Many people don’t get enough sleep; we work hard, and we play hard, and if we can function on six or seven hours of sleep each night then we assume that’s enough. However, even if you can technically function, going without enough sleep is actually doing both short and long term harm to your health.
Consistent lack of sleep causes significant changes in your brain and your body, and it increases your risk of a number of serious health issues. We’re going to cover the top ten side effects of not getting enough sleep.
1) Your reaction time slows. This one is the most immediate; when you are sleep-deprived your reaction time slows down, meaning that you cannot make quick decisions and react appropriately in different situations. Mercola cites a study in which sleepiness behind the wheel was found to be nearly as dangerous and drinking and driving.
2) Your memory suffers. Your whole ability to think clearly is affected when you haven’t slept well. Mercola explains that you’ll have trouble retaining memories, processing information and making decisions. Additionally, your emotions will be heightened, rendering you less able to handle adverse situations. This makes it extra important to get a good sleep the night before important work events!
3) It weakens your immune system. When you sleep your body is able to recuperate, and it is during sleep that your immune system produces protective substances like cytokines, according to Healthline. These substances fight off foreign invaders like bacteria and viruses. They also help you to sleep, thereby giving your immune system more time and energy to fight off illness. If you are sleep-deprived, you’ll find yourself getting sick more often, and taking longer to recover.
4) It affects your heart. According to Healthline, sleep plays a vital role in keeping your heart and your blood vessels healthy, including your blood sugar, blood pressure and inflammation levels. People who don’t get enough sleep are more likely to get cardiovascular disease – studies have linked insomnia to an increased risk of heart attack and stroke.
5) It is linked to depression. WebMD cites an American poll which showed people with depression were more likely to sleep less than six hours each night. In a 2007 study of 10,000 people, those with insomnia were five times as likely to develop depression as those without. Insomnia is often one of the first signs of depression. It’s a vicious cycle, too – sleep loss often aggravates the symptoms of depression, and depression often makes it more difficult to sleep well.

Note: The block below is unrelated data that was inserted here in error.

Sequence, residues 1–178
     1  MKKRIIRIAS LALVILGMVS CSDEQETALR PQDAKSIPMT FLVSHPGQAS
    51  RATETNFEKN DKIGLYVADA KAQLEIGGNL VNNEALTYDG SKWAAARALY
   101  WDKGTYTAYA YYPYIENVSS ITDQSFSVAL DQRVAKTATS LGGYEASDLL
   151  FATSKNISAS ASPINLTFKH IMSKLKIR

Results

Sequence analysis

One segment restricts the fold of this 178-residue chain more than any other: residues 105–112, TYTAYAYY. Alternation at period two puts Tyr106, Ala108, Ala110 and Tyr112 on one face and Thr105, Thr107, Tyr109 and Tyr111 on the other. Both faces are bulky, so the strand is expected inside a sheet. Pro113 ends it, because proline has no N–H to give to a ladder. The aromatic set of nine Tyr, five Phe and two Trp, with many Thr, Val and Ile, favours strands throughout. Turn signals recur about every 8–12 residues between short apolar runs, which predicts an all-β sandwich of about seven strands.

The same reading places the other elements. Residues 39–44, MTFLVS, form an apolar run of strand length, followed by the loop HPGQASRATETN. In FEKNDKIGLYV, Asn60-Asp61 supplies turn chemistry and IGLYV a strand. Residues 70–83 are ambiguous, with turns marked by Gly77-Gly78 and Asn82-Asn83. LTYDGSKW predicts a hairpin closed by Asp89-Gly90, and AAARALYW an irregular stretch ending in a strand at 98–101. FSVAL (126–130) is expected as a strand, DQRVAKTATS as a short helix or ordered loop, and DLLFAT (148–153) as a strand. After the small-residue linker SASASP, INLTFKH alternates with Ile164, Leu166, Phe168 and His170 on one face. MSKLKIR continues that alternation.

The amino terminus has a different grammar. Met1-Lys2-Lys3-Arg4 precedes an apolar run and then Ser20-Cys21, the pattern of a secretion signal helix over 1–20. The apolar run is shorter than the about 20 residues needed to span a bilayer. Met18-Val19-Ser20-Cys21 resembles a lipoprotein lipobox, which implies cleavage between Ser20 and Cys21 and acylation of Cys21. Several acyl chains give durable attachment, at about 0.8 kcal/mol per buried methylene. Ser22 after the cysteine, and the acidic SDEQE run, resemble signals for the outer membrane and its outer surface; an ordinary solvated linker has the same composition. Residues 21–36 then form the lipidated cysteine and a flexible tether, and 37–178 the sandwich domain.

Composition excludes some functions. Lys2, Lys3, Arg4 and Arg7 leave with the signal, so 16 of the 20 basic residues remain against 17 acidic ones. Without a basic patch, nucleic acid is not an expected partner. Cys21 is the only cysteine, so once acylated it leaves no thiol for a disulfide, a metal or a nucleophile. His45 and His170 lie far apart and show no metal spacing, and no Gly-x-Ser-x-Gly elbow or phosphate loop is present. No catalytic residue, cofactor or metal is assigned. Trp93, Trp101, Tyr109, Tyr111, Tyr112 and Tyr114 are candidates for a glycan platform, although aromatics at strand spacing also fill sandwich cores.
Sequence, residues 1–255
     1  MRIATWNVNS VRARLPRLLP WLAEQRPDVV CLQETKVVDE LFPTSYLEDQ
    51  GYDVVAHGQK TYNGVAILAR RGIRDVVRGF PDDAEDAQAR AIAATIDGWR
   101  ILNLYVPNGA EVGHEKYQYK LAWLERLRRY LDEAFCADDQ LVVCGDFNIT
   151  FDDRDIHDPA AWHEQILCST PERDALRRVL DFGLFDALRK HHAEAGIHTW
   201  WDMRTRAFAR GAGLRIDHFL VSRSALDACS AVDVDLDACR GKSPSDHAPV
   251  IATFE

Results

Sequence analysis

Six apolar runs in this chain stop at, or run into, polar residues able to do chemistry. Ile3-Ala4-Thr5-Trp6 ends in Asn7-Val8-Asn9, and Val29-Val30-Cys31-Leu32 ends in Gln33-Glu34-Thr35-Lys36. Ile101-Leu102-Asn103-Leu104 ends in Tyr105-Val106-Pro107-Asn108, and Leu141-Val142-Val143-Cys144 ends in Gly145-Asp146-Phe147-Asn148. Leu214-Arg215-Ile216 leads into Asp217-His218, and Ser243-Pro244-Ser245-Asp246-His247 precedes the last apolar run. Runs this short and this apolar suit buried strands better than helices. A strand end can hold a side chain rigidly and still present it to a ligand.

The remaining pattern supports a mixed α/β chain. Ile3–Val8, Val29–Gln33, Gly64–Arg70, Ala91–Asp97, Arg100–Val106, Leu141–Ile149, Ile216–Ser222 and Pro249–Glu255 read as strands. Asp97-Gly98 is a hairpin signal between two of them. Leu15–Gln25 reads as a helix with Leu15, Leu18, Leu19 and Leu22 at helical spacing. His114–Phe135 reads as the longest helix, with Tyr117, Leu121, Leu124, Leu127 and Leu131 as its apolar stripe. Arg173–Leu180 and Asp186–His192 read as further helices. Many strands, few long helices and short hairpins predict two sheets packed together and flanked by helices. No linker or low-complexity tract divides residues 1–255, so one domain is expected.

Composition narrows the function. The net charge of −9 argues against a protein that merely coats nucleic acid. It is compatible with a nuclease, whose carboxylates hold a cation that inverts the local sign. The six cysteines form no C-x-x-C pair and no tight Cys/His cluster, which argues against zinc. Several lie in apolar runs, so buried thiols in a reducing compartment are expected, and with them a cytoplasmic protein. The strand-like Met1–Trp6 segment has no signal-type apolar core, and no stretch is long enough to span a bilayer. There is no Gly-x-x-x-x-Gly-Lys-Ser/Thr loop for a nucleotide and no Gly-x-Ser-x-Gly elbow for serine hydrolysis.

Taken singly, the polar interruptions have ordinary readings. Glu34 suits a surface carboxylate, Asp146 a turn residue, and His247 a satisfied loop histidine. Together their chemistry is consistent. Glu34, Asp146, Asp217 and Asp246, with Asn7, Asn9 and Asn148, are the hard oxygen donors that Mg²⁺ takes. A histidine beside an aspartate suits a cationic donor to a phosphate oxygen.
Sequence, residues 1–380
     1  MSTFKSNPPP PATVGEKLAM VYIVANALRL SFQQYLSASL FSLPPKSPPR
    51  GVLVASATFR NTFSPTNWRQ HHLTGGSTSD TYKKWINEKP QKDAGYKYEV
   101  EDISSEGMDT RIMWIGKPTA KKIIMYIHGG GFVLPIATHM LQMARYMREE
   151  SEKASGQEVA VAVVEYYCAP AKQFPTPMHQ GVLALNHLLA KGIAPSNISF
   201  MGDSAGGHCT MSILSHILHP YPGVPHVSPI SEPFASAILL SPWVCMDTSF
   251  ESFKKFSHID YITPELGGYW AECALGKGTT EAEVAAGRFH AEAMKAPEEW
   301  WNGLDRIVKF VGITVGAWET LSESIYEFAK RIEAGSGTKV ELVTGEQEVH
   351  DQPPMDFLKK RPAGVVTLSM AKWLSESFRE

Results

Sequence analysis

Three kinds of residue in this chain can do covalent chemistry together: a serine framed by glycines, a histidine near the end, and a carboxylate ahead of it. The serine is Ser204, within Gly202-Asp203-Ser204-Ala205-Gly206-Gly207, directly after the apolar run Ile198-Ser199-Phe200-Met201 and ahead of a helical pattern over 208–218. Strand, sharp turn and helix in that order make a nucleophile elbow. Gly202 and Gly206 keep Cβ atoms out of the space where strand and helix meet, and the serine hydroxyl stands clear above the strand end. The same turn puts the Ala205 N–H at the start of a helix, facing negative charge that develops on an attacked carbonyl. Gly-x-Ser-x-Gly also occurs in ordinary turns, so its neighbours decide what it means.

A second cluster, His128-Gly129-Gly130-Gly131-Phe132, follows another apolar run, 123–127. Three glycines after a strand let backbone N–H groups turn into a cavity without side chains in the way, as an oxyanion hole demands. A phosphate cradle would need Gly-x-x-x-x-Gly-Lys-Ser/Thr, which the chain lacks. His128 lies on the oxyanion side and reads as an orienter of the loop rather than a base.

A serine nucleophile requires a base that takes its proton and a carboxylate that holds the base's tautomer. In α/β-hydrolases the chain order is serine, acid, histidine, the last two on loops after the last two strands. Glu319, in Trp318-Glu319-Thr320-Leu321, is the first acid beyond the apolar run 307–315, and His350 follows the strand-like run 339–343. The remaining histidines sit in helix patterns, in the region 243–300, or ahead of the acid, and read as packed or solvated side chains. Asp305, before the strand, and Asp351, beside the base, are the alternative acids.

6) It leads to weight gain. According to Healthy Sleep – a sleep division at Harvard Medical School – a lack of sleep decreases your fat-regulating hormone (leptin), while increasing the hunger hormone (ghrelin). The result is an increase in hunger and appetite, even when your body isn’t really hungry.
7)…and Diabetes. Harvard Medical School also explains that sleep influences the way the body processes glucose, the high-energy carbohydrate that cells use for fuel. A study showed that healthy subjects who only had 4 hours of sleep per night processed glucose more slowly than they did when they were permitted to sleep 12 hours. Further studies have revealed that adults who usually sleep less than five hours per night have a greatly increased risk of developing diabetes.
8) It kills your sex drive. Both men and women who don’t get enough sleep often report less interest in sex, according to WebMD. This could be due to a depletion of energy, general sleepiness, and increased tension, as well as reduced secretion of testosterone during the night.
9) You’ll look older. Your pituitary gland usually releases a growth hormone during sleep (and during high-intensity exercise), but when you are sleep deprived this process slows down, contributing to premature aging, WebMD explains. You also release more cortisol (a stress hormone) when you’re sleep-deprived, which can break down the collagen in your skin, leading to more fine lines and wrinkles.
10) Life will be shorter. With the myriad of health issues related to sleep deprivation, it is unsurprising that a lack of sleep is also associated with lower life expectancy overall. Large studies have revealed that sleeping five hours or less per night increased mortality risk from all causes by about 15%, according to Harvard Medical School.
With these side effects, it’s easy to see why we need to start prioritizing sleep. Everyone has slightly different needs but try getting about 8 hours a night – your body will thank you for it. Why put yourself at higher risk of heart disease, stroke, high blood pressure or diabetes? Try these natural ways to get more sleep.